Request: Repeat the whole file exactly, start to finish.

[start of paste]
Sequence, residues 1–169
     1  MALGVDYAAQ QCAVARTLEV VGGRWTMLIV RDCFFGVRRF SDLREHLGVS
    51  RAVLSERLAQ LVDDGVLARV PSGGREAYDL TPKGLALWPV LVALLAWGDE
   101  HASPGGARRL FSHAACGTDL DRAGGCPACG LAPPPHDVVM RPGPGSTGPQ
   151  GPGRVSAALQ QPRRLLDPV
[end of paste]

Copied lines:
Sequence, residues 1–169
     1  MALGVDYAAQ QCAVARTLEV VGGRWTMLIV RDCFFGVRRF SDLREHLGVS
    51  RAVLSERLAQ LVDDGVLARV PSGGREAYDL TPKGLALWPV LVALLAWGDE
   101  HASPGGARRL FSHAACGTDL DRAGGCPACG LAPPPHDVVM RPGPGSTGPQ
   151  GPGRVSAALQ QPRRLLDPV